1978

HIAS

HIAS and the JDC strain their resources to capacity in order to deal with a growing flow of emigrants from the Soviet Union. They ask the U.S. State Department to waive usual visa requirements in order to move the emigrants quickly through Rome, where the influx is causing housing shortages and other problems.

SOVIET UNION

Dissident Anatoly Shcharansky is convicted of espionage and receives a 13-year sentence. By mid-year, 20 other members of Helsinki monitoring groups in the Soviet Union are under arrest.

A group of refusenik women stage demonstrations in Moscow. In June, refuseniks Vladimir and Maria Slepak and Ida Nudel unfurl protest banners from the balconies of their Moscow apartment buildings. Arrested and charged with malicious hooliganism, Vladimir Slepak and Nudel are sentenced to exile in Siberia. Maria Slepak is given a suspended sentence.

U.S./WORLD

The arrest and trial of Anatoly Shcharansky becomes a cause célèbre in the West. The Soviet Jewry movement is galvanized and mounts a public campaign to garner support for Shcharansky. The U.S. regards Shcharansky’s arrest as a challenge to both the Helsinki Accords and détente. Avital Shcharansky, Anatoly’s wife, travels to the U.S. to meet with Vice President Walter F. Mondale and congressional leaders in Washington.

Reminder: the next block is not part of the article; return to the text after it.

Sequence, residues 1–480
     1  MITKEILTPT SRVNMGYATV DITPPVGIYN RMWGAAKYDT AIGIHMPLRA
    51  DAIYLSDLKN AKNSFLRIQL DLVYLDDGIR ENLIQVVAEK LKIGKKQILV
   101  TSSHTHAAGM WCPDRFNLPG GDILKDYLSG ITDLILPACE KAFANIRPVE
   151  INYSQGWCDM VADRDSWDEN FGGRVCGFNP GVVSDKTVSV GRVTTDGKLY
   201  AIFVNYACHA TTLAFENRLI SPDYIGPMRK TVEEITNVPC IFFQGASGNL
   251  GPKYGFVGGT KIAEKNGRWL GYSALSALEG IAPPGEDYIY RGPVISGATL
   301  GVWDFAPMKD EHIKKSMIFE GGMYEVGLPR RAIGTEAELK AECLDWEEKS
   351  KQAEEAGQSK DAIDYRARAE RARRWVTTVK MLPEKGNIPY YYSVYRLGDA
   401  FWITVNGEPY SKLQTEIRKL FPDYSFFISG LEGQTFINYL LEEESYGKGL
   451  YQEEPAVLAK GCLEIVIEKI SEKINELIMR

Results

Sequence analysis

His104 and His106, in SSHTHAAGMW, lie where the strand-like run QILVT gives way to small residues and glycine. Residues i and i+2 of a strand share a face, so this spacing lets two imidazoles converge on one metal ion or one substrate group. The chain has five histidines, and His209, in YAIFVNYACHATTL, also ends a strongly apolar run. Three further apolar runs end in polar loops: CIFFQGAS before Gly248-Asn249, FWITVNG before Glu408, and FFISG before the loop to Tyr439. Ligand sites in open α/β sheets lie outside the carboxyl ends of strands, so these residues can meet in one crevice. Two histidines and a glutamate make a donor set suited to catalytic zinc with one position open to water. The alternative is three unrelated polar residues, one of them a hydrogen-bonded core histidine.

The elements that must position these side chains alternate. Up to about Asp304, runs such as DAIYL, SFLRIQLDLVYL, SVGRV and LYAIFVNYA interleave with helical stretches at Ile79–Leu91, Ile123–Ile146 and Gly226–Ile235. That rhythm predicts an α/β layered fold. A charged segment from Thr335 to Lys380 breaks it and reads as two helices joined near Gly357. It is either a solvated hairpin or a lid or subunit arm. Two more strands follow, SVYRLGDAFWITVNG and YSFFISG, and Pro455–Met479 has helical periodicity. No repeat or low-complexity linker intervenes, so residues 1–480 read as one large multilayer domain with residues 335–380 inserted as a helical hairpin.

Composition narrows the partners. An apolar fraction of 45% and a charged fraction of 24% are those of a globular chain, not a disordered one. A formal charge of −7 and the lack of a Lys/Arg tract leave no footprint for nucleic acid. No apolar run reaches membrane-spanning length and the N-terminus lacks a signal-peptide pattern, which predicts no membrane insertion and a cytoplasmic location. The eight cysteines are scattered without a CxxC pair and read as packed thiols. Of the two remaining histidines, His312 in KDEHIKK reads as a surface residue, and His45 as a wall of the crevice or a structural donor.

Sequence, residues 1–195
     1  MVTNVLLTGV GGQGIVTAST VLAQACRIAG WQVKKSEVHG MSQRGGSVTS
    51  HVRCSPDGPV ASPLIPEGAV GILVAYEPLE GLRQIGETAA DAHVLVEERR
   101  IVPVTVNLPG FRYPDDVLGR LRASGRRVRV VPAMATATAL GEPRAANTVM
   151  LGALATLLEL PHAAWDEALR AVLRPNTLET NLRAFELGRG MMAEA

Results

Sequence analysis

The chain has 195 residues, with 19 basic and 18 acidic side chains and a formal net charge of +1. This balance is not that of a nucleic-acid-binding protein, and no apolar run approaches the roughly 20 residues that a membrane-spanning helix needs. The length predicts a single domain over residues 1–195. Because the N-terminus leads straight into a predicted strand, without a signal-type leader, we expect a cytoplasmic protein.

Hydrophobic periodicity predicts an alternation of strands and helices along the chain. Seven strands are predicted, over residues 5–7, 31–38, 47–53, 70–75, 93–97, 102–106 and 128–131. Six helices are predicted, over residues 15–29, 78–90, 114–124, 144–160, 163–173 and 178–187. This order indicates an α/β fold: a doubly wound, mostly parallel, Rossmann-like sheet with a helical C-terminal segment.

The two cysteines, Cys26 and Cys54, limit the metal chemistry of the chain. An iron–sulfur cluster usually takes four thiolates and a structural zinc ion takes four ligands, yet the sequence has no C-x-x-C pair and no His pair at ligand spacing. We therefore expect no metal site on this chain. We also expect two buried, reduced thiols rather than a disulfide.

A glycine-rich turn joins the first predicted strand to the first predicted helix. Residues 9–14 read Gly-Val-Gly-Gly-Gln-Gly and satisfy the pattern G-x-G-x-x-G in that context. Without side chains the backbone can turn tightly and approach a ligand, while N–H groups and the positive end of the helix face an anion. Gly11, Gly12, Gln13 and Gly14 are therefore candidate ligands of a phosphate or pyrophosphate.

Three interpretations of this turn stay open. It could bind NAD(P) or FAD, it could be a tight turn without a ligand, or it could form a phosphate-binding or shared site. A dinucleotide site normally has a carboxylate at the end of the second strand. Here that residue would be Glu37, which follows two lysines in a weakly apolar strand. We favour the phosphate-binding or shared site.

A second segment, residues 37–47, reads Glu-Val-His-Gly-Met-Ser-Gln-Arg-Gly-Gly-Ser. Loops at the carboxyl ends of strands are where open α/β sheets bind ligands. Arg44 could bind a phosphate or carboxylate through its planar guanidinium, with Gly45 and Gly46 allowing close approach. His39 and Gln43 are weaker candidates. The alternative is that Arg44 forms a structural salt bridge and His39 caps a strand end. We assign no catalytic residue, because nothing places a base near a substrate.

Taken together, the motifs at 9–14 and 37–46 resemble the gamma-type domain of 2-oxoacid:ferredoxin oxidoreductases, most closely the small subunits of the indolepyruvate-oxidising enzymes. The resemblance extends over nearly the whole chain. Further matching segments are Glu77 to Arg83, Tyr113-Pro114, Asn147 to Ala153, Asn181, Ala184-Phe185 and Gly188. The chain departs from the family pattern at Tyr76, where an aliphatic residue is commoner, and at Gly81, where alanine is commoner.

STATISTICS

  • Jewish emigrants from the USSR: 28,865
  • Soviet Jewish immigrants to US: 12,265
  • Soviet Jewish immigrants to Israel: 12,090

Looking Back

Despite the continued harassment of refuseniks, the authorities grant more exit visas than ever before. Valentin Levich, the most prominent scientist among the refuseniks, is allowed to leave for Israel after six years of waiting.

Soviet Jewish dissidents, in addition to struggling for the right to emigrate, continue to resist in other ways. Hebrew teachers secretly instruct small groups of students in private apartments, and underground samizdat publications, such as Jews in the Modern World and Jewish Thought, are passed from person to person. A questionnaire about Jewish identity is distributed clandestinely by activists, and over 1,200 responses are smuggled out of the country.